Aneurysms: Just waiting to erupt

Infographics courtesy of Stanford Health Care

When actress Isabel Granada died recently as a result of aneurysm, there was a sudden surge of people going to the doctor when they felt headache.  One doctor posted sort of a joke in his social media account that they need not to worry since they are not actors.

There’s some truth to it.  After all, the phenomenal martial artist Bruce Lee died of it.  Hollywood actor John Ritter, known for the television sitcom, “Three’s A Company,” also died of aneurysm.

Guy Williams, an actor best known for playing Zorro on the popular Disney series in the 1950s, was in good health when he died of aneurysm in 1989.  Shelby Grant, who appeared in such TV hit series, “Bonanza” and “Batman,” also succumbed to the fatal disease.

In 1974, singer Quincy Jones suffered a burst brain aneurysm and survived.  Another famous singer, Neil Young had an unruptured aneurysm in 2005 that was repaired, but started hemorrhaging from his femoral artery a few days later.

If you have never heard of Sharon Stone (yes, that sensational star of “Basic Instinct”), it’s because she also suffered from aneurysm in 2001.  “I bled in my brain for nine days,” she told “Hollywood Reporter.” “I spent two years learning to walk and talk again. I came home from that stroke stuttering, couldn’t read for two years. I was in an intensive care unit for nine days and the survival rate for what I went through is very low.”

Does aneurysm affect only the entertainers?  Let’s take a closer look and learn the basic facts about this disease. “A bulge in the wall of an artery, usually the aorta” is how the second home edition of “The Merck Manual of Medical Information” defines it.  The aorta, which is about one inch in diameter, is the main artery that carries oxygen-rich blood from the heart through its branches to the entire body.

Experts have likened aneurysms to time bombs for good reason: You can be without symptoms until the faulty blood vessel bursts. “Most aneurysms do not show symptoms and are not dangerous. However, at their most severe stage, some can rupture, leading to life-threatening internal bleeding,” wrote Markus MacGill in a feature published by “Medical News Today.”

Aneurysms are classified by their location in the body. The arteries of the brain and heart are the two most common sites of a serious aneurysm.  Of the 30,000 brain aneurysms rupture that occur in the United States each year, an estimated 40% of these result in death within 24 hours.  Over 25,000 Americans also die of aortic aneurysm each year, according to the Centers for Disease Control and Prevention (CDC).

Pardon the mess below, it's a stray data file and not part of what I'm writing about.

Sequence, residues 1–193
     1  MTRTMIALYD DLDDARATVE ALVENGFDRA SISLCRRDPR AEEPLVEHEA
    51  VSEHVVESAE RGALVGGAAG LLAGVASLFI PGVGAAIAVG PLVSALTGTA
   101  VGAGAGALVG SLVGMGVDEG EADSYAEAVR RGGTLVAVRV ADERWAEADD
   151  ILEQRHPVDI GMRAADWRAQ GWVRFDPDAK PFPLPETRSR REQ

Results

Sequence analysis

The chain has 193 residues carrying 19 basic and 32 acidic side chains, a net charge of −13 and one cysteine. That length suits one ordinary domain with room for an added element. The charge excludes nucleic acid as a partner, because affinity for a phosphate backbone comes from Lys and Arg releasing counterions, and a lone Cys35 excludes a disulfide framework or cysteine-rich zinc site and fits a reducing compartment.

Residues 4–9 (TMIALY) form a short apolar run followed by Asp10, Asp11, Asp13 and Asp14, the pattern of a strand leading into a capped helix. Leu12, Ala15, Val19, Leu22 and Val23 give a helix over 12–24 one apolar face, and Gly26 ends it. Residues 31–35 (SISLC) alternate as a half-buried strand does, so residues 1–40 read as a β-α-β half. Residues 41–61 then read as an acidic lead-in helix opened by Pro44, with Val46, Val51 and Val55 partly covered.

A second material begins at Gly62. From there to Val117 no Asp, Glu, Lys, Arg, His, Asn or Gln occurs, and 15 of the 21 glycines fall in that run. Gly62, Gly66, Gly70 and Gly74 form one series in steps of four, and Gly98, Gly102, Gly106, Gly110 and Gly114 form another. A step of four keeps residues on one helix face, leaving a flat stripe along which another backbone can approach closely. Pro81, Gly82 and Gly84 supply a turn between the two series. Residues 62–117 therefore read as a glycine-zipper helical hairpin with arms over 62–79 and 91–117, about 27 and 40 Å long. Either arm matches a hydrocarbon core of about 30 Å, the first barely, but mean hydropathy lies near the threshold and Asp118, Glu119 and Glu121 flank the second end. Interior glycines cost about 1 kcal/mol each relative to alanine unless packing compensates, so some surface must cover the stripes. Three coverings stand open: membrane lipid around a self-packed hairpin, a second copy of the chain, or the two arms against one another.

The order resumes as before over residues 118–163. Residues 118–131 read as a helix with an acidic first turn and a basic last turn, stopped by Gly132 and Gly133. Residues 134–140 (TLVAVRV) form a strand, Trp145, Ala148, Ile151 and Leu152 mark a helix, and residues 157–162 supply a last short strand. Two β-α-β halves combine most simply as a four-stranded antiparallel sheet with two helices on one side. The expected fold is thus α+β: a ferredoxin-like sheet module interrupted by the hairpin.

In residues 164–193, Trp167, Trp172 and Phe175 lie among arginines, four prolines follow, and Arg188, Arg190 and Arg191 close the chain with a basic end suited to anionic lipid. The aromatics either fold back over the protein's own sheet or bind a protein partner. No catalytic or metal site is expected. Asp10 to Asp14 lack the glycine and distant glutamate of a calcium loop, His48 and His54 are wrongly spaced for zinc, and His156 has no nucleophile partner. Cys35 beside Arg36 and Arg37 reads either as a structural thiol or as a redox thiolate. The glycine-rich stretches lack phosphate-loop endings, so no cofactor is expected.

Statistics like that are hard to come by in the Philippines.  The reason: no one really knows what aneurysm is all about.  Generally though, aneurysms can develop anywhere along the aorta.  “Three-fourths of aortic aneurysms develop in the part that passes through the abdomen (abdominal aorta) and the rest develop in the part that passes through the chest (thoracic aorta),” the Merck manual says.

Aneurysms can also develop in the arteries at the back of the knee (popliteal arteries), the main arteries of the thighs (femoral arteries), the arteries that supply the brain (cerebral arteries), and the arteries supplying the heart muscle (coronary arteries).

“In older people, aneurysms are most likely to occur in areas where arteries branch (for example, where the abdominal aorta) or the areas of stress (for example, in the popliteal artery),” says the Merck manual.

The bulge created by aneurysms can take two main shapes: fusiform (bulge all sides of a blood vessel) or saccular (bulge only on one side).  “The risk of rupture depends on the size of the bulge,” MacGill wrote.

It is not known why aneurysms occur in some people and not others.  “People with high blood pressure, high cholesterol and smokers are the most likely to suffer,” says Dr. Alfred Cheng, head of the cardiac clinic at the Mount Elizabeth Medical Center in Singapore. “Those with close relatives who have had aneurysms and diabetics are also at risk.”

Men are eight times more likely to have an aneurysm than women.  In older people, almost all aneurysms are associated with arteriosclerosis.  “Arteriosclerosis occurs when the blood vessels that carry oxygen and nutrients from your heart to the rest of your body (arteries) become thick and stiff – sometimes restricting blood flow to your organs and tissues,” says the Mayo Clinic.

Aside from arteriosclerosis, other causes of aneurysms include injuries, inflammatory diseases of aorta, hereditary connective-tissue disorders, and some infectious diseases such as syphilis.